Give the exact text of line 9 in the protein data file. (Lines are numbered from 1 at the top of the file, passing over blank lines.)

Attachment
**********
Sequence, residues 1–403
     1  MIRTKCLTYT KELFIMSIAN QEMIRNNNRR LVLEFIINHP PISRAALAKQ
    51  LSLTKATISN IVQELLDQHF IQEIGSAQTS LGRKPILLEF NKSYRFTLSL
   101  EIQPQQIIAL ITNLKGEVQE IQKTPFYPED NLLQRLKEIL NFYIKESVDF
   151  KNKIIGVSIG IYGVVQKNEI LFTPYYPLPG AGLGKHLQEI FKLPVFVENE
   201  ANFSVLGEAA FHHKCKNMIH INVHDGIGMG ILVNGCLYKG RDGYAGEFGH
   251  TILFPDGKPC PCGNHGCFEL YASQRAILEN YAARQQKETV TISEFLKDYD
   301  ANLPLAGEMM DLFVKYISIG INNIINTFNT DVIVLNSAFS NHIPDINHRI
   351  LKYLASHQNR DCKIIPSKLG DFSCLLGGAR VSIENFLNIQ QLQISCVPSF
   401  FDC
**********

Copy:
   351  LKYLASHQNR DCKIIPSKLG DFSCLLGGAR VSIENFLNIQ QLQISCVPSF